We have nothing against South Carolina circuit court judge Alison Lee. We have disagreed with her on many occasions in the past, but we do not think she is a bad person.
We are, however, disgusted by the unfounded allegations of racism many black politicians are hurling on her behalf following her defeat this week in an election for the South Carolina court of appeals – the second highest court in the Palmetto State.
“Shame on South Carolina,” state representative John King said after Lee, who is black, lost her bid for a seat on the appellate court.
Perhaps it does … but not in this election.
King was angry that Lee was passed over for another candidate – a white candidate – despite the fact that she has more than twenty years experience on the bench. What King neglected to mention, however, is that not all of Lee’s experience has been “good” experience.
Far from it, actually …
In January of 2013, Lee consolidated bail for then-18-year-old Lorenzo Bernard Young, who was staring down charges of first degree burglary, possession of a weapon during violent crime, criminal conspiracy, three counts of armed robbery, kidnapping and assault and battery of a high and aggravated nature.
There was no way in hell this man should have been allowed to walk the streets with these sorts of charges pending against him, but over the objections of prosecutors Lee allowed Young to go free.
She even reduced his bond …
Several months later, Young celebrated his freedom by murdering 33-year-old Kelly L. Hunnewell – a Columbia, S.C. small businesswoman and single mother of four children aged 6-13 – during a predawn robbery.
Five days before Hunnewell was gunned down, Lee had been nominated by then-U.S. president Barack Obama for a federal district court judgeship. In the aftermath of this incident, though, U.S. senators Lindsey Graham and Tim Scott both announced they would not support Lee’s nomination – effectively killing it.
Were they “racist?” Of course not …
In another questionable ruling, Lee sentenced Democratic operative Christopher Lykes – a close ally of S.C. senator Darrell Jackson – to probation in November 2014 after he was busted stealing data on 228,435 Medicaid recipients from the S.C. Department of Health and Human Services (SCDHHS) in early 2012.
(Click to view)
We concurred … but Lee let him off.
Look, we get that playing the “race card” is en vogue once again. And based on what is happening right now with multiple white Democratic politicians in the state of Virginia (a situation that’s shining a light on some white Republican politicians in the Palmetto State), there are sometimes good reasons to play it.
Racism is real. And it does need to be called out.
But crying “racism” because a judge with some serious credibility issues missed out on a promotion is absolutely ridiculous. In fact, it undermines the future credibility of those looking to draw attention to legitimate claims of racial discrimination.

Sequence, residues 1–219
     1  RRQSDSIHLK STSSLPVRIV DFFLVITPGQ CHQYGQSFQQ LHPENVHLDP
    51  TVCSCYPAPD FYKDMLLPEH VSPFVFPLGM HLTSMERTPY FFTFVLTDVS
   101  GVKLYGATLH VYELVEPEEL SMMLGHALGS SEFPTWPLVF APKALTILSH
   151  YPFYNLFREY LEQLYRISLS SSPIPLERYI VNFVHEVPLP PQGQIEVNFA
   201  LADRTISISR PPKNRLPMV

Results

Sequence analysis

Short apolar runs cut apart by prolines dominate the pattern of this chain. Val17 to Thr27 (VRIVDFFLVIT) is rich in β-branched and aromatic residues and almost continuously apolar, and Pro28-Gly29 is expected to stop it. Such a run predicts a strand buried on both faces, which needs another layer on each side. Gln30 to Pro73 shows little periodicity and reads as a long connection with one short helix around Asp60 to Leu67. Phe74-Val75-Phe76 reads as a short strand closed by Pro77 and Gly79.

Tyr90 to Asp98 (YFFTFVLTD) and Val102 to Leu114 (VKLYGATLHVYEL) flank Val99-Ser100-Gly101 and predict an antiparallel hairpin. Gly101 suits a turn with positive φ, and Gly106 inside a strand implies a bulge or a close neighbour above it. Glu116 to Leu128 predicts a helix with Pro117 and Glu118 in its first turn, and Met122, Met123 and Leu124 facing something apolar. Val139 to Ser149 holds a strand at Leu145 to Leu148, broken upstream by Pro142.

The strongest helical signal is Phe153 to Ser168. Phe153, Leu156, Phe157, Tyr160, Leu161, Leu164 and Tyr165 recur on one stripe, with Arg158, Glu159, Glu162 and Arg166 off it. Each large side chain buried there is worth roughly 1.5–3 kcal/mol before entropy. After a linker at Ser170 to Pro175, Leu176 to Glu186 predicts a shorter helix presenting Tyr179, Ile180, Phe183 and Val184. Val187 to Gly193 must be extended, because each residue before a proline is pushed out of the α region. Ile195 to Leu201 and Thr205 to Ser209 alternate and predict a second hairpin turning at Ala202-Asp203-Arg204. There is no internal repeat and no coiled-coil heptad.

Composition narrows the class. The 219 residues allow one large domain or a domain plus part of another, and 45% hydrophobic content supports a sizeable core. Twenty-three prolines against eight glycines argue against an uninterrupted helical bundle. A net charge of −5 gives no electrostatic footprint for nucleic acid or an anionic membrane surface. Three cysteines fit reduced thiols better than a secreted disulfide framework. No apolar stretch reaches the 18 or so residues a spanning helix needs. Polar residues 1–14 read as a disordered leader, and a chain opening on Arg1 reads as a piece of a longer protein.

The bottom line is this: Skin color aside, Lee should have never been put up for this post … let alone elected.
She was experienced, but not qualified based on her record.
The racism allegations leveled after Lee’s defeat are even more ridiculous when you consider that white Republicans in the S.C. General Assembly – over our vigorous objections – elected a black man to the S.C. supreme court in 2007 (and then unanimously elected him chief justice three years ago).
Finally, let us never forget how the S.C. legislative black caucus operates when it comes to participating in judicial elections – a process we have long-maintained is irredeemably corrupt. Vote-trading is rampant, and far too often it results in qualified white candidates being sacrificed on the altar of politically correct quid pro quos.
For black leaders – who have habitually manipulated this system for years – to suddenly claim that the integrity of judicial selection process has been violated is downright laughable.
This process has never had any integrity …
As we have often said, from the selection of judicial candidates by a committee packed with lawmakers to the actual legislative voting on their ‘merits’ – the judicial selection process in South Carolina is rigged and needs to be replaced.
This is just further evidence of that …
The Palmetto State’s judiciary needs to be independent – but that’s never going to happen so long as the legislative branch of government controls every facet of the appointment process.
WANNA SOUND OFF?
Got something you’d like to say in response to one of our stories? Please feel free to submit your own guest column or letter to the editor via-email HERE. Got a tip for us? CLICK HERE. Got a technical question or a glitch to report? CLICK HERE. Want to support what we’re doing? SUBSCRIBE HERE.
Banner: Travis Bell Photography